When the COVID-19 pandemic forced schools across the country to close in March 2020, the federal government responded by injecting billions of dollars into local school districts to keep children safe and educated.
Every three months, school districts in California are required to report to the state how they’re spending all that federal stimulus money.
NBC’s Bay Area Survey Unit looked at the most recent data from the California Department of Education for more than 1,500 school districts and charter schools to find out where the money went.
The NBC Bay Area districts examined said they received a total of $ 26 billion. But, of the $ 26 billion, records show they spent only $ 6.9 billion until June 30. This leaves three quarters of emergency funding still unspent.
It is important to note that different districts received different amounts depending on their size and the income level of the community.
For example, the San Francisco Unified School District received $ 186 million and still has $ 134 million unspent. Meanwhile, the Palo Alto Unified School District spent most of the $ 8.5 million it received, with just over $ 2 million remaining.
Jon Coupal, chairman of the government watchdog Howard Jarvis Taxpayers Association, believes large school districts that have received more money may also need more oversight.
“They’re given a ton of money and yet they haven’t figured out the best way to spend it, ”Coupal told NBC Bay Area. “I think this is where the State of California needs to step in and pass legislation dictating the proper uses of this money.”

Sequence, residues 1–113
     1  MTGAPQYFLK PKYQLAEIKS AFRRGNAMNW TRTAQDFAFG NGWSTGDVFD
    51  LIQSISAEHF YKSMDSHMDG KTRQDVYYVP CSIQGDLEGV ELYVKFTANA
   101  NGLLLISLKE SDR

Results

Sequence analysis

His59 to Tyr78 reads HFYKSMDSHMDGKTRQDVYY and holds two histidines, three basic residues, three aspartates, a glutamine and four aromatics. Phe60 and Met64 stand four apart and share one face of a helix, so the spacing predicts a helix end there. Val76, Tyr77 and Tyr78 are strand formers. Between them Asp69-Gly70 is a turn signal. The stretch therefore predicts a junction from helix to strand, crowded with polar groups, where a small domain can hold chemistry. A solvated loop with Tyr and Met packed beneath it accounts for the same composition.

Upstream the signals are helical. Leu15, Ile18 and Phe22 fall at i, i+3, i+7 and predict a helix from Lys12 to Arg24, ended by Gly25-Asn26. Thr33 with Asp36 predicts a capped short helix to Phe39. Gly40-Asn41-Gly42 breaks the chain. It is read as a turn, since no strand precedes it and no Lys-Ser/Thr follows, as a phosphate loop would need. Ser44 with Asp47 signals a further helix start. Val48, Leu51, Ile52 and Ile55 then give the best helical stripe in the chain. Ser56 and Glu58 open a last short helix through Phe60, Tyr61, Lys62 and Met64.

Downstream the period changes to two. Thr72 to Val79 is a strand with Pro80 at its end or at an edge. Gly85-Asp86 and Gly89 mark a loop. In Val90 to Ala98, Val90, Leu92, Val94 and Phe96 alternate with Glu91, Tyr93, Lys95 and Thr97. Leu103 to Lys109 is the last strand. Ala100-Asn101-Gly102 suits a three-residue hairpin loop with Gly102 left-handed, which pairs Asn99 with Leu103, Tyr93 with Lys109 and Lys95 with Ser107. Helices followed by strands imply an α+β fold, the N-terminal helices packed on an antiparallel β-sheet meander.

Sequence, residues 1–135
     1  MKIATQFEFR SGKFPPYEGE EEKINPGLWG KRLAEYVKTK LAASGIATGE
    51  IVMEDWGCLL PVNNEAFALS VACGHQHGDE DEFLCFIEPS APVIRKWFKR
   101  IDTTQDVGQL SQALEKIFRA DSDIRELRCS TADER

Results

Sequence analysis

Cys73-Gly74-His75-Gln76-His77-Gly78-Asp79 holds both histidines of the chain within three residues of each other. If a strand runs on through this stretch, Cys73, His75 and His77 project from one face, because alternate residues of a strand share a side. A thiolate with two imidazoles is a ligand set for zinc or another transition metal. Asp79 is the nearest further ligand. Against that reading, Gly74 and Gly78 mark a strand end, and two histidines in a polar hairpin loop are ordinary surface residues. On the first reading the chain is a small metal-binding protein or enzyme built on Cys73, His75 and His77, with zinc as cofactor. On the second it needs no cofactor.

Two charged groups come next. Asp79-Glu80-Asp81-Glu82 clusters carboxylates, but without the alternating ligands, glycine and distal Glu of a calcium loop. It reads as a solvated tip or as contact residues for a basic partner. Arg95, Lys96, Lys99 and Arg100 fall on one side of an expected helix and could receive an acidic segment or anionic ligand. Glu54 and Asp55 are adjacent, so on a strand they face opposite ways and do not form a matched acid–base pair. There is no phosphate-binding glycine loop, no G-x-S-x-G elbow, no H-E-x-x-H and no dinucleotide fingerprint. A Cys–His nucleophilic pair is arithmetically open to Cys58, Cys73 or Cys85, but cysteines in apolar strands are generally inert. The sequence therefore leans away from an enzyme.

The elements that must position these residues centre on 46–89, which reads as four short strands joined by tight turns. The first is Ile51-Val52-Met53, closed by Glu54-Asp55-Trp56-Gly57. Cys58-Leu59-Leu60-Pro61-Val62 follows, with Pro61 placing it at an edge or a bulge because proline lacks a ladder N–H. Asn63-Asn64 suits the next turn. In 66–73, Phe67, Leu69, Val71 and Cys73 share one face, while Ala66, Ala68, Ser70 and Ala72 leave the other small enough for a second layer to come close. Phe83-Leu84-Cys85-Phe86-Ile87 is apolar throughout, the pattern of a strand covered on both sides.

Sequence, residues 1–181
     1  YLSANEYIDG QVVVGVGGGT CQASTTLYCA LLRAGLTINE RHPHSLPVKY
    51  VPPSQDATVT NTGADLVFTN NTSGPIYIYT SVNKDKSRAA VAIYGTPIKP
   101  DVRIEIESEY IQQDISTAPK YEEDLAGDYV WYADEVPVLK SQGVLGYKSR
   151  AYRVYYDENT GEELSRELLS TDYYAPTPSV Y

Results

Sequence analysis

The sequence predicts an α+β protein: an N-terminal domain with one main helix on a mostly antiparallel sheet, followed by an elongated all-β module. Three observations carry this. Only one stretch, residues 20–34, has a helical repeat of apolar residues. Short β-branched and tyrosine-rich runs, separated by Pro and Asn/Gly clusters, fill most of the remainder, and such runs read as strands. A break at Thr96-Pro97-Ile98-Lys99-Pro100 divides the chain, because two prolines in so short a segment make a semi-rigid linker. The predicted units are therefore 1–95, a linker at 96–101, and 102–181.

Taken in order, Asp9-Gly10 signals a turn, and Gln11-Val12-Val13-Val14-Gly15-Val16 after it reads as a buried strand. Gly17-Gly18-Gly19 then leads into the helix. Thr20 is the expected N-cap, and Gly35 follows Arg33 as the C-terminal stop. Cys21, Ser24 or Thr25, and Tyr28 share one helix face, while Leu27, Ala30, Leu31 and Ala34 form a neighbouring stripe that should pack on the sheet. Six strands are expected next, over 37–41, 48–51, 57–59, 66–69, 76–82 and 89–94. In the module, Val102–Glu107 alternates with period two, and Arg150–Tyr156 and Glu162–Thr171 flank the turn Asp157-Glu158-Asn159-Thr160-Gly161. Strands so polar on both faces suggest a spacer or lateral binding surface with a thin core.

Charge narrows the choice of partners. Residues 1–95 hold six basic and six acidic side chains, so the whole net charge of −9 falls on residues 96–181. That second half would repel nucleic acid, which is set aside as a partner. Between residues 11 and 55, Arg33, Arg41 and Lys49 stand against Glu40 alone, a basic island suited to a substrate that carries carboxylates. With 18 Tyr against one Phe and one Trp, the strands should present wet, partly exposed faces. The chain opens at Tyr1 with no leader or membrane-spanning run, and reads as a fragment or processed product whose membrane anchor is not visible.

The California State Auditor is currently reviewing whether the state distributed this money to the districts on a timely basis and ensuring that the districts spent the money appropriately.
How School Districts Spent $ 6.9 Billion
Of the $ 6.9 billion spent so far, districts have spent $ 2.1 billion on support for learning. Administrators we spoke to said the money was used to pay for things like summer school and more teachers to reduce class sizes. An additional $ 2.1 billion was spent on the purchase of devices and technologies like laptops. After that, $ 911 million went to pay for PPE and cleaning supplies. An additional $ 655 million has been spent to prevent layoffs of non-teaching staff like office workers and bus drivers. Schools have spent the least money on categories involving building repairs, spending $ 74 million so far.
If you have a tip for the Investigation Unit, email firstname.lastname@example.org or call 888-996-TIPS. Follow Candice on Facebook and Twitter at @CandiceNguyenTV, or email him at Candice.Nguyen@nbcuni.com